Pentagon by Patrick Redford
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Pentagon boasts five impromptu routines + a few hidden surprises all featuring some of the coolest super powers around. This is the fourth book in the series of five.
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Customer Reviews (showing 1 - 2 of 2)3 of 3 magicians found the following review helpful:
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Pro Privacy ON (login to see reviewer names) on November 11th, 2014
(This review is for Pentagon by Patrick Redford)
I've been using Banachek's PK Touches for years,
but have only done it a handful of times
and never thought I understood it all
from Banachek's poor teaching.
In other words,
I think the explanation in Banachek's
original manuscript was unclear.
It had diagrams (which is what Pentagon NEEDS), but the diagrams in the original PKT were unhelpful.
There was a drawing of a hand and I was not sure that he really meant me to use my finger in that weird way which doesn't seem right.
Then there was another drawing of a stage, from overhead, with 3 vague figures on it representing the performer and the spectators. When I say "vague figures," I mean 3 circles--not giving any indication which direction they're facing. It made no sense to me.
It seemed to contradict the verbal explanation,
and it didn't make any sense from just looking at it.
It would've helped to put arrows on those large black dots representing the spectators and performer so I could see the direction everyone is facing.
Or maybe there were arrows and it made it even more confusing because it contradicted every performance I'd seen of it.
Pentagon has made much clearer to me, so I'm grateful to Redford for that. Very grateful!
On the other hand, I wish he had used diagrams instead of spending all that time doodling misshapen and irrelevant comic strips that aren't helpful.
There's a section in the PK Touch routine called Staring Sensation. I really need a diagram for this, because the way he describes the "physical method," it doesn't make any sense. There's no way you can anchor the ___ to the bottom of the chair, then "around the back" (around the spectator's back? around the back of the chair? which direction 'around'??) to my left wrist.
An illustration would've been useful here.
There has to be a fulcrum that he forgot to mention, and even then it doesn't sound feasible.
So I guess I'll just figure a method out for myself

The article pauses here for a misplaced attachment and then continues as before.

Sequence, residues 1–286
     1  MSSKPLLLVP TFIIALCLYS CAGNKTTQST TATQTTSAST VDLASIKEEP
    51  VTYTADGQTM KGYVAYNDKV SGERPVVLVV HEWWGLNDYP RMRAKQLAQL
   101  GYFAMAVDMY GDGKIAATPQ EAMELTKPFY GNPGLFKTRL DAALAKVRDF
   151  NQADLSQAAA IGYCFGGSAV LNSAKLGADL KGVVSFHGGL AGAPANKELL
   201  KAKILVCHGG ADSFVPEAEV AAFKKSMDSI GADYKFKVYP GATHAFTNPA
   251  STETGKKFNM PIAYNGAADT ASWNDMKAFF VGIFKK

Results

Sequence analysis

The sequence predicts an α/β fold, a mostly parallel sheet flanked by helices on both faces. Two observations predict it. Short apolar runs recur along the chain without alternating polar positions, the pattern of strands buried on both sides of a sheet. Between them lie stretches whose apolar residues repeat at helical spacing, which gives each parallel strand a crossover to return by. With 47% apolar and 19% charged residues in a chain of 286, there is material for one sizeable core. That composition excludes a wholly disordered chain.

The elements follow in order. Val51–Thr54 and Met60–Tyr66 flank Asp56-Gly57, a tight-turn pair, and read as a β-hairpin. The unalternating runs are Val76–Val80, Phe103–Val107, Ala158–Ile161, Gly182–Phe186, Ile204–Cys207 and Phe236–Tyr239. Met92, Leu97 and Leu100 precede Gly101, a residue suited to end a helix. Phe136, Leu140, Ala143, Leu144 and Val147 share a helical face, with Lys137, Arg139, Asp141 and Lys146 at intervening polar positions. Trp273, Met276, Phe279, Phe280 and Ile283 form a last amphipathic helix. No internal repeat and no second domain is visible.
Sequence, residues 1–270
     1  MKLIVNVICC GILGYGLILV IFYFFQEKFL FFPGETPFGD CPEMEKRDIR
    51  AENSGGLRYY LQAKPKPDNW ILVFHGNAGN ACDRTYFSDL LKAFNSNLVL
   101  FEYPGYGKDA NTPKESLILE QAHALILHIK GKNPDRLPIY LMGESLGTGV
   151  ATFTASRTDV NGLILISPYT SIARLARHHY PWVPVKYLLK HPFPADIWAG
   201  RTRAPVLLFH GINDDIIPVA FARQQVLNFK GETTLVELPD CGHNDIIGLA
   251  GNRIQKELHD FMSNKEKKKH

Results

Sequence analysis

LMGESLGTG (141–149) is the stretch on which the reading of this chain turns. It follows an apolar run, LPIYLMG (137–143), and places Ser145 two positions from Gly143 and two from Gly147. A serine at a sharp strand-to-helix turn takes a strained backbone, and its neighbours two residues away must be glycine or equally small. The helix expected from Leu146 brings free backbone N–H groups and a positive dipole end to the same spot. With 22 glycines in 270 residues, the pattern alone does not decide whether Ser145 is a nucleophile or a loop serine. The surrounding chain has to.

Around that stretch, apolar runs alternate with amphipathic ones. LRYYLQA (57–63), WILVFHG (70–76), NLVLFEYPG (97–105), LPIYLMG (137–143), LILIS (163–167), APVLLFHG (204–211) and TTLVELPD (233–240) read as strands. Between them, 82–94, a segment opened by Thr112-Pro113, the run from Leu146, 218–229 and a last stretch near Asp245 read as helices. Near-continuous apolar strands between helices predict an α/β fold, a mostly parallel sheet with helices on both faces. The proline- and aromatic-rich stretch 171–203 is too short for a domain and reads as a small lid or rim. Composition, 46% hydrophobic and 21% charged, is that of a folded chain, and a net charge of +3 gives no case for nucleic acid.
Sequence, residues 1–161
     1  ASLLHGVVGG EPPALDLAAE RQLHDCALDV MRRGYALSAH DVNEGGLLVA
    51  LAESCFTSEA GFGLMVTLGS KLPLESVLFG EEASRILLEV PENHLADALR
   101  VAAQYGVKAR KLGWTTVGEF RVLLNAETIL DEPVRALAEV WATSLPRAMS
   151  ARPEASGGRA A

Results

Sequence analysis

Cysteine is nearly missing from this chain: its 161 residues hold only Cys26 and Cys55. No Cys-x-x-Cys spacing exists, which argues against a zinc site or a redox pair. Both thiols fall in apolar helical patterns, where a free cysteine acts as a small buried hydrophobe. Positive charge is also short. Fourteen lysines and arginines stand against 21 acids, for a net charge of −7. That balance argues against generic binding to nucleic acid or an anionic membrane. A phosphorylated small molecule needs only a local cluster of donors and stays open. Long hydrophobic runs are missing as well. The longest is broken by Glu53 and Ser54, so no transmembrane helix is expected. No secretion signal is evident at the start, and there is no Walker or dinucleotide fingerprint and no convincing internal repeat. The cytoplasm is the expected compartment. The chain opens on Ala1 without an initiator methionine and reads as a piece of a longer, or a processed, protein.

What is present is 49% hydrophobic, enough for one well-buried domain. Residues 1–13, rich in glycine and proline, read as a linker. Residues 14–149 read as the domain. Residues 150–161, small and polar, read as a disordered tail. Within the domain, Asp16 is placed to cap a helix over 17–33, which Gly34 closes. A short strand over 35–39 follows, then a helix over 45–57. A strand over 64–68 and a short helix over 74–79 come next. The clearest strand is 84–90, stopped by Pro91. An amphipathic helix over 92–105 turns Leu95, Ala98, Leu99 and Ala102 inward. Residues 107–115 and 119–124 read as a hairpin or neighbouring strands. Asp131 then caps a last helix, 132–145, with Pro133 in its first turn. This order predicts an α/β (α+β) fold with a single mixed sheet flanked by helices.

(I thought I was paying for that when I got the book).
Another gripe I have with the book is,
in addition to the doodles used as filler,
the words of each chapter title are defined for us,
with dictionary definitions. N
ot obscure words.
Words like, "Time Travel," "Super," "X-ray."
I hate when authors add such patronizing
[ ˈfilər ]
noun: filler · plural noun: fillers
a thing put in a space or container to fill it:
There are 21 pages of CARTOONS in this book,
cartoons that add nothing to the instruction,
leaving 27 pages of book.
The advertisement says,
"Pages: 48 - Full-color and black-and-white illustrations."
The truth is if you remove the irrelevant cartoons, the book is 27 pages.
So Patrick added over 20 pages of 'not-a-magic-book'
so he could say he has a ~50 book.
Half of the pages are just doodles from a high school student and don't add anything to the book.
Just makes it more annoying since
you have to flip 3 or 4 pages
every so often to get back to the real book.
One more thing.
The ad says, "Full-color ... illustrations."
That's referring ONLY to the cartoons.
The instructive illustrations regarding the actual tricks, those are black & white line drawings.
Just wanted that to be clear in case
you feel a bit let down when
you find that there aren't really full-color illustrations.
And plus, the one trick where
I needed an illustration or diagram,
PK Power, there was none.
Just paragraph after paragraphs
describing where the performer should stand,
how to seat the participant, where the participants hands should be, that the participants should have their eyes closed, touch the participant on the back...
Even the words are unclear. For example, Redford says, "if you hit the right place on a subject's back, it will create a minor pressure in the head... this is the spot you want to hit." ??? ARE YOU SERIOUS?
So I'll just experiment touching people's backs,
below the shoulder blades,
until eventually I'll find that sweet spot.
A diagram would've been EXTREMELY HELPFUL,
and it would've been so easy for Redford to
stop coloring cartoons and instead
make a simple drawing showing where
on the back I'm supposed to touch the spectator,
instead of just telling me to touch a spectator on the back "somewhere below the shoulder blades."
The back is a large place.
Furthermore, he could've saved several paragraphs
of vague explanation with one illustration,
but there are no illustrations for the PK Power effect.
Ok, I'm going to stop reviewing now since I'm working myself up, realizing how much better this book could've been.
Unbelievable Report this review
Verified buyer Pro Privacy ON (login to see reviewer names) on February 25th, 2014
(This review is for Pentagon by Patrick Redford)
I only read one chapter. I use one idea from one chapter all the time and it is worth more than the price of the entire book. I love it!
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